This past weekend was our I've-lost-track annual camping trip with our like-family friends. My attempt to find a campground in between the usual RV-packed parks and the nearly-undeveloped spot we went to last year was finally successful. We went to Shades State Park, which was supposed to have hiking as nice as the trails at Turkey Run State Park which we love but none of the crowding. Its reputation was well-deserved -- we had three nice spots on a secluded loop, screened from each other by patches of trees. According to the park ranger who stopped by Friday night, we had the entire park to ourselves. This was camping the way I always imagine camping will be -- peaceful, secluded, pretty. At night there were so many stars visible that I had trouble picking out even the most familiar constellations. Only the distant lowing of cows and an occasional airplane overhead reminded us that civilization existed around us.
The hike we took Saturday was great as promised. We hiked through the Pine Hills Nature Preserve within the park, a 470-acre tract of old-growth forest set aside to be conserved. The woods were lovely and golden, like walking through a huge cathedral. I wondered what it looked like to Elliott in his carrier, too little to have a concept of trees, suddenly immersed in a world of soft brilliant yellow and strong dark lines. We went straight for the ominous-sounding Devil's Backbone, which delivered on the promise of a crossing six feet wide above drop-offs of about a hundred feet. There really wasn't a good way to get a picture of either of the two backbones of sandstone that we hiked across, but they were awesome. The trail description on the preserve map warned against taking children onto the trail, but we decided to judge for ourselves as we went along and Nico did just fine. He was mindful and careful and a real trooper even on the difficult parts. Elliott rode along in the Beco and also was good, though my legs are pretty sore today from hauling his plump little behind up and down the slopes and stairs.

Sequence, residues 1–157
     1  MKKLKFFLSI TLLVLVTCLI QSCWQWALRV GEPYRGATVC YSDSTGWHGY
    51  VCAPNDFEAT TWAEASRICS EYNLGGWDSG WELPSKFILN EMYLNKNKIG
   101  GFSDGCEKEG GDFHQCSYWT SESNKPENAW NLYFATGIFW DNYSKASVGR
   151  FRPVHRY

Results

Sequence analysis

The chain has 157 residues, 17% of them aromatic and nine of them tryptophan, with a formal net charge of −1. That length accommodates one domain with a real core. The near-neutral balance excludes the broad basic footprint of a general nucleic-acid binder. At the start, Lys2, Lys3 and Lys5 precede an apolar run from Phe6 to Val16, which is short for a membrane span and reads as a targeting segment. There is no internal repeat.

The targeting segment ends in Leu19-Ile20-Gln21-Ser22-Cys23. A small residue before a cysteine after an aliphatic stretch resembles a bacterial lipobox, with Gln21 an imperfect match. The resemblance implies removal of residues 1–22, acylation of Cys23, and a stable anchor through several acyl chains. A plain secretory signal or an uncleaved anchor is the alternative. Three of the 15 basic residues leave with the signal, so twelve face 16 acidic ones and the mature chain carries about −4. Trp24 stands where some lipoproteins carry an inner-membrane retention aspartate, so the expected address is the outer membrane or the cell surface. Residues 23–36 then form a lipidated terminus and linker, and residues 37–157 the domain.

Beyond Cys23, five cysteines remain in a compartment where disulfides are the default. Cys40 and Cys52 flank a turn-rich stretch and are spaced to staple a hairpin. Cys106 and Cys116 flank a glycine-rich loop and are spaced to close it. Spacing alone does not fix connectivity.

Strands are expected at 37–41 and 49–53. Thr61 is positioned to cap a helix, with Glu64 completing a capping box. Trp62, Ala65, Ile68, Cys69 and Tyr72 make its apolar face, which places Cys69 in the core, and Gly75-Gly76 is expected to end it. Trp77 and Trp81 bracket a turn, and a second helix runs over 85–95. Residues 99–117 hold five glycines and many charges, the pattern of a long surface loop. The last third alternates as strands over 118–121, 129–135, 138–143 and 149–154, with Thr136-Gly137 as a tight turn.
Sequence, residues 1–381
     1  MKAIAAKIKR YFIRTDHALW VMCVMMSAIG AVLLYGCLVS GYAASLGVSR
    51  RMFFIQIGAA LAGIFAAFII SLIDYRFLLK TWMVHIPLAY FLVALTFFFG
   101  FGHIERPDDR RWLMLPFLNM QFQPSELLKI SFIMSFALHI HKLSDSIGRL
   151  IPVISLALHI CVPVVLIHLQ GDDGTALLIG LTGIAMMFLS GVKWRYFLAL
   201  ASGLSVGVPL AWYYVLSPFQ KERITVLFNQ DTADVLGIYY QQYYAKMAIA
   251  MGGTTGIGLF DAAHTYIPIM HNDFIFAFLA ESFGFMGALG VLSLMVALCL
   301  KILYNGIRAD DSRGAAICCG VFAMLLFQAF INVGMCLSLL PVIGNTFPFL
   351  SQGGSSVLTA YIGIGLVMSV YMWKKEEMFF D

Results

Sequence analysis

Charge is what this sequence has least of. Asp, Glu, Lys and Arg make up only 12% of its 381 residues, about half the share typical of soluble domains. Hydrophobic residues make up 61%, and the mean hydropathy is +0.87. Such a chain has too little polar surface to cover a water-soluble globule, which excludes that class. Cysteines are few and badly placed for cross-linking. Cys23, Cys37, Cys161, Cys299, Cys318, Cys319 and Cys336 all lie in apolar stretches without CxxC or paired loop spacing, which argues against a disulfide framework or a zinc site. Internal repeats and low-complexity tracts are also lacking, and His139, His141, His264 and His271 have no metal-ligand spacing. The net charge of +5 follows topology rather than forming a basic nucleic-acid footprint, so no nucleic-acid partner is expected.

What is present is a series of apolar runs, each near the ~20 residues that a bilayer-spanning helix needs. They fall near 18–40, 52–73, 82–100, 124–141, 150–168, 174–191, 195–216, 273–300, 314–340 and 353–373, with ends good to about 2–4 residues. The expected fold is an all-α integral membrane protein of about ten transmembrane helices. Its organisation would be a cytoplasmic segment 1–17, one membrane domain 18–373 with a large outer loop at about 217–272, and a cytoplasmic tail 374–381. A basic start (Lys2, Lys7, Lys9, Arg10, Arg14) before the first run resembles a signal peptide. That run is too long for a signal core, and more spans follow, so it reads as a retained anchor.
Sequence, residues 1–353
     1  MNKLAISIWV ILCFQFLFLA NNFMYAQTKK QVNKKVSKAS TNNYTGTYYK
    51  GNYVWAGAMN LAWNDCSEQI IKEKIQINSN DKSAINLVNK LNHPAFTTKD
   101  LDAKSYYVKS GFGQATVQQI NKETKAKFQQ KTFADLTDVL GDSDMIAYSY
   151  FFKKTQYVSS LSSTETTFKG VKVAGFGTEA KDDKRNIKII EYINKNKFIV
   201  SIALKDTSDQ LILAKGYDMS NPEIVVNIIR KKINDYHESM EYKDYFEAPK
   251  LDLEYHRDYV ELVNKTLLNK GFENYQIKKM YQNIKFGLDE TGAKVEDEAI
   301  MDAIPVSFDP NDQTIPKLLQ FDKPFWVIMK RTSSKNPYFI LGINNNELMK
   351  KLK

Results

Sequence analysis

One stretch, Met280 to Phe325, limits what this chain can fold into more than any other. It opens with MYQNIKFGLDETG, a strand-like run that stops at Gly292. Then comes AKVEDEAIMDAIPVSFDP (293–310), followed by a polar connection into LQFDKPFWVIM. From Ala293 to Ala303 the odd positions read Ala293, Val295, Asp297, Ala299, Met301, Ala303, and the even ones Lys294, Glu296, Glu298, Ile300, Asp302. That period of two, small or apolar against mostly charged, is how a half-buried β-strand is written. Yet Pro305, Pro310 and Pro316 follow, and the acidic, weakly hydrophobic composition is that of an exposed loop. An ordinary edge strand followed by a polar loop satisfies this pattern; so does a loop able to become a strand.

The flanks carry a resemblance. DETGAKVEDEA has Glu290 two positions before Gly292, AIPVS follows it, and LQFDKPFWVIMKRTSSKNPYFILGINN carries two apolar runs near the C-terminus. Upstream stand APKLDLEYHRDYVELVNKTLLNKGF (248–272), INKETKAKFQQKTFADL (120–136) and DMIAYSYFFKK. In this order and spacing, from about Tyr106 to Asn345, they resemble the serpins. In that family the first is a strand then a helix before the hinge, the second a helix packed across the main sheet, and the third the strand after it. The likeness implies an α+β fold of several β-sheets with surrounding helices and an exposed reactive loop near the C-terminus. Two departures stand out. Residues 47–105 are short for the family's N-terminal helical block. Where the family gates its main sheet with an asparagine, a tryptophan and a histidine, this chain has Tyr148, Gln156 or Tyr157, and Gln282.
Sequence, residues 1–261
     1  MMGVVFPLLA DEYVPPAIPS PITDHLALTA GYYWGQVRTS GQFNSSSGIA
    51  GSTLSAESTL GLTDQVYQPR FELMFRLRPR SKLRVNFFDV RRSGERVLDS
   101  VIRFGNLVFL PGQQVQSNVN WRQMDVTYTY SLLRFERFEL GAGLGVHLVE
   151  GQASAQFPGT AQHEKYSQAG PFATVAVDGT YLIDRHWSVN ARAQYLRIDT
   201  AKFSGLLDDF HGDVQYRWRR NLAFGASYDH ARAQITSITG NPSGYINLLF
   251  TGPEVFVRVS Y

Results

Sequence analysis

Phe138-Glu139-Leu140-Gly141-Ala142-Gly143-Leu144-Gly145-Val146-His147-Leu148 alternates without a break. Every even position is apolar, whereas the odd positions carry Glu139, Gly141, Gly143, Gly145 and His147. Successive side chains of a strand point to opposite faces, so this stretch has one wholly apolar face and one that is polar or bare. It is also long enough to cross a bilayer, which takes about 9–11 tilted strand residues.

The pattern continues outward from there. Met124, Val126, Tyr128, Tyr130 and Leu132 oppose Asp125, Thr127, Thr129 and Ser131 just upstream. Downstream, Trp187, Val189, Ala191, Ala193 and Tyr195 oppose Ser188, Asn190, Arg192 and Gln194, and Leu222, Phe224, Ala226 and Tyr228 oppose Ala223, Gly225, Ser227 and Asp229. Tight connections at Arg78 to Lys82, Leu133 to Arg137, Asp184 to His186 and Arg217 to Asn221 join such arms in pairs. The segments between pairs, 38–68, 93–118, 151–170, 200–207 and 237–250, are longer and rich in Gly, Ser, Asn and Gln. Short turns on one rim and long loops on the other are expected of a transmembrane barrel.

The kids were great overall, I think, other than Elliott peeing through three of his four layers of jammies at 6 AM and then telling me about it at the top of his lungs while everyone else was trying to sleep. We fled to the car to finish our rest with the heat turned on, which almost worked out - he slept for another hour, but awoke cheerfully with a vastly blown-out diaper. I suppose it was my fault for putting him in a brand-new almost-all-white onesie and then letting him sit in his carseat in a place without convenient diaper-changing options. So far I think his record is spotless for achieving poo blowouts under those conditions. Good thing he's cute, I guess.
Overall it was a fantastic weekend. It was so great to see our friends and we parted ways already looking forward to our next trip.